A scare with the West Nile virusPublished 11:17am Monday, September 23, 2013
AL man recovering after life-threatening infection
St. Marys Hospital doctors are calling a Freeborn County man lucky to be alive after he was infected with the West Nile virus earlier this summer.
The virus left Roger Burgess, 74, hospitalized for about a month and still struggling through speech, occupational and physical therapy.
At one point, he couldn’t remember his own family, he couldn’t lift his arms and he almost couldn’t walk, he said.
“Everything you do is affected by it,” said Roger, who lives just outside of the city limits south of Albert Lea. “Anything that has to do with walking, climbing, sitting or even squatting, it was all affected.”
Roger is one of 49 confirmed cases of the virus around the state this year.
He said his symptoms began July 20 when he started feeling like he was coming down with the flu.
On July 22, when he was out in his garage working he said he started to feel weak.
He was having trouble walking.
The next day it was worse. With a 102-degree temperature, he and his wife, Nancy, went into the emergency room at the Albert Lea hospital to seek help.
From 3 to 7 p.m. that day, doctors ran a series of tests with no luck.
Roger was then transported by ambulance to St. Marys Hospital in Rochester.
After two days of additional testing, including an MRI, doctors looked to perform a spinal tap for answers.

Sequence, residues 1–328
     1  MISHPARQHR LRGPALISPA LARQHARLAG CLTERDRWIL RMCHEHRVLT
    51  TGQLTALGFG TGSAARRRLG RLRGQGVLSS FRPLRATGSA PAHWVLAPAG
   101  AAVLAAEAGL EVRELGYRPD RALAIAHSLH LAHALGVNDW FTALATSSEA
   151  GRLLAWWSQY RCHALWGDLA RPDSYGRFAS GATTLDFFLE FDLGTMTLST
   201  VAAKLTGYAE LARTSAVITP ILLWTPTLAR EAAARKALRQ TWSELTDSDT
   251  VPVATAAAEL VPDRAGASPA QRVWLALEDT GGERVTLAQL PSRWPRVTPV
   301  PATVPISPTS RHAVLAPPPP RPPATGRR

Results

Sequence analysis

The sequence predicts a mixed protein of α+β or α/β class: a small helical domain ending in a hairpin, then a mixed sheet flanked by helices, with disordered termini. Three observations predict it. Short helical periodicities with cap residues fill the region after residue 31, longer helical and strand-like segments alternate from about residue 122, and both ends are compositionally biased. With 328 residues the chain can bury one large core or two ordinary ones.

After that procedure, they discovered Roger had a high white blood count and they narrowed down the options to the West Nile virus. The virus had expanded into encephalitis, or swelling of the brain.
Ten percent of encephalitis cases are fatal, according to the Minnesota Department of Health.
Though it has been almost two months since he first came down with the flu-like symptoms, Roger still is weak from the waist down and has no feeling in his left leg.
He is on medication for nerve pain and attends therapy three times a week at Health Reach in Albert Lea. He had to purchase new glasses because of changes in his vision.
“He’s come a long way from where he was,” Nancy said.
“Hopefully next year at this time, I’ll be a lot better,” Roger added.
As for where he might have been bit by the mosquito carrying the virus, Roger said he is still unsure but thinks it might have been in his back yard off of gravel 760th Avenue.
He said he was not having problems with mosquitoes at the time he got the virus; in fact, he didn’t even spray his yard for the pests as he has in years past.
He didn’t notice any bites on his body at the time symptoms appeared.
“I’m lucky that I’m here I guess,” he said.
Department of Health officials said the risk of contracting West Nile virus the remainder of the year has declined but people should contact their healthcare provider if they are concerned about symptoms.
According to the Department of Health, between 70 and 80 percent of people infected with the West Nile virus will have no symptoms, and one in five people have a relatively mild illness with a fever.
The virus was historically found in Africa and southern Europe and was first reported in North America during a 1999 outbreak of encephalitis in New York City.
It was first reported in Minnesota in 2002. Since, there have been 535 cases across the state.